What are the disadvantages of having steel hull? Could you compare the pros and cons of steel or aluminum versus fiberglass?
Mark Matthews responds:
First, entire books have been written on the subject, so I won't pretend to throughly treat all of the pro and con arguments here, but I can set up some guidelines. Steel hull boats are incredibly strong, for one. There's a reason commercial ships are made out of this material. It's relatively easy to fix, especially if you should find yourself far a field. Welding is simple and common in just about every country in the world. Should you encounter enough force to dent the steel, it will deform for a long time before failing. For a firsthand experience, here's a piece by John Kretschmer, one of our authors who just happens to be a steel boat owner, Rust Never Sleeps.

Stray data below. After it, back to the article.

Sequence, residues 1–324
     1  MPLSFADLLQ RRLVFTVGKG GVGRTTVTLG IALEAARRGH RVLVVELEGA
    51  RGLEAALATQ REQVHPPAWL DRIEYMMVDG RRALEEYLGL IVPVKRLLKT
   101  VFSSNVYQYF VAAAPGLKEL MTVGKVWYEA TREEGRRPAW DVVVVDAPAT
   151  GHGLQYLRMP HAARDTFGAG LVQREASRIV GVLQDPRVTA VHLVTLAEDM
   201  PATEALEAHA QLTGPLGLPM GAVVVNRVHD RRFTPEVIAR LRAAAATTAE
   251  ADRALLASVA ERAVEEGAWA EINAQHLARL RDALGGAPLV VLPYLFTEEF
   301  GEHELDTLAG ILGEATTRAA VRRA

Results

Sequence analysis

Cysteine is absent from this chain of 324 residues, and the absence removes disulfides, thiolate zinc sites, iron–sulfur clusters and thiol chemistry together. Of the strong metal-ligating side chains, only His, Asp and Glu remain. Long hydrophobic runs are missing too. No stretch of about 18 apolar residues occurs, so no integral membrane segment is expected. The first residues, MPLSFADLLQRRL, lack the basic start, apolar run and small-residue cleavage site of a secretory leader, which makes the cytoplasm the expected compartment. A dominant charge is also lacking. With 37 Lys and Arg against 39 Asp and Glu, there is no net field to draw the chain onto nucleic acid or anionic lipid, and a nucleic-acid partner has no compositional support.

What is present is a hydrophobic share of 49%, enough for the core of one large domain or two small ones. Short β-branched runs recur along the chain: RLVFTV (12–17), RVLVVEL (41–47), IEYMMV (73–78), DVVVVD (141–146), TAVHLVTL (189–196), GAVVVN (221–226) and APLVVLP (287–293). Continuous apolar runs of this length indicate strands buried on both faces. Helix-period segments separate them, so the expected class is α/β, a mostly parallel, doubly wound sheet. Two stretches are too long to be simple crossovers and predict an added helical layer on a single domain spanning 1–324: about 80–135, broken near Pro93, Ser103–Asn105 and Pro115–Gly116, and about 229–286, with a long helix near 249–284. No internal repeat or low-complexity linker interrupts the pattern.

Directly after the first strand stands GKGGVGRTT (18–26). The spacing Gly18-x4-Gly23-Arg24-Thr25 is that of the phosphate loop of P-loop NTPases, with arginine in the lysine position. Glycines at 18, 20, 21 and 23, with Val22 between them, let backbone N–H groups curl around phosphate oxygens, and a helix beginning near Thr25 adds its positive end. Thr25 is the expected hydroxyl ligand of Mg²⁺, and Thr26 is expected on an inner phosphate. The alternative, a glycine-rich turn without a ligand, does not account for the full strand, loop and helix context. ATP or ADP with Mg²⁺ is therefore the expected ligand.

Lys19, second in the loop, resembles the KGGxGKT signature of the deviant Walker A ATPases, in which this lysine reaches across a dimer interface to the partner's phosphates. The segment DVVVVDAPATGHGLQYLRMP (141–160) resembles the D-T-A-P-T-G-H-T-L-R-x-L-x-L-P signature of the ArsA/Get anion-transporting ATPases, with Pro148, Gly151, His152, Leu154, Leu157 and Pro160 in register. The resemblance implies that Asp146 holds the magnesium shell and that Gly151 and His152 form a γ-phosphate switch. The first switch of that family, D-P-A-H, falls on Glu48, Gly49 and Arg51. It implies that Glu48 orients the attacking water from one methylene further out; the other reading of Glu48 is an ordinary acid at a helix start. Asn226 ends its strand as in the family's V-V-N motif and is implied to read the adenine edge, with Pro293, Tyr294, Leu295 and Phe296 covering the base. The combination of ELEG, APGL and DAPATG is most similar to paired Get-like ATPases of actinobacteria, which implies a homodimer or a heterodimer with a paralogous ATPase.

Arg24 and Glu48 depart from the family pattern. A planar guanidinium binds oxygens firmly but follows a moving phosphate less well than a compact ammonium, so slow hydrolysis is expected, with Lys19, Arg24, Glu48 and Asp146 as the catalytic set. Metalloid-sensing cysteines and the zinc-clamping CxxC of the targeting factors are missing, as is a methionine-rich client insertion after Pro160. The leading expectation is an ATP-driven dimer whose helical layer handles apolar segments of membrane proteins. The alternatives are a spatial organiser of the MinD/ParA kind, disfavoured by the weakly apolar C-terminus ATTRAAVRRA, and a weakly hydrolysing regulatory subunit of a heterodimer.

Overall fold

As far as disadvantages, rust is one. Zincs on a steel boat are critical, as are prepping and painting over any spots that may be exhibiting oxidation. Steel is heavy, and while steel boats typically thrive in a brisk breeze, they can suffer in lighter airs. Aluminum has many of the strength advantages of steel, but is lighter, which means faster. However, electrolysis is even more critical on aluminum boats, and bottom paint and aluminum hulls are another subject altogether. Welding aluminum is also a trickier affair than steel, although as a side note I have a friend who showed me wood working tools can be used on aluminum-he used a circular saw to cut his keel off after he found out the lead in the keel was reacting with the aluminum of the hull. An interesting sight to say the least. Fiberglass is strong and prevalent and relatively easy to work with-depending on the kind of work and your tolerance for holding a sander over your head, see Blisterama Battle RoyaleSurviving the Haulout, though not as strong as aluminum or steel, and it will crack on impact rather than deform. Blistering is the Achilles heel of fiberglass boats, although a well-cared-for hull will give many decades of service.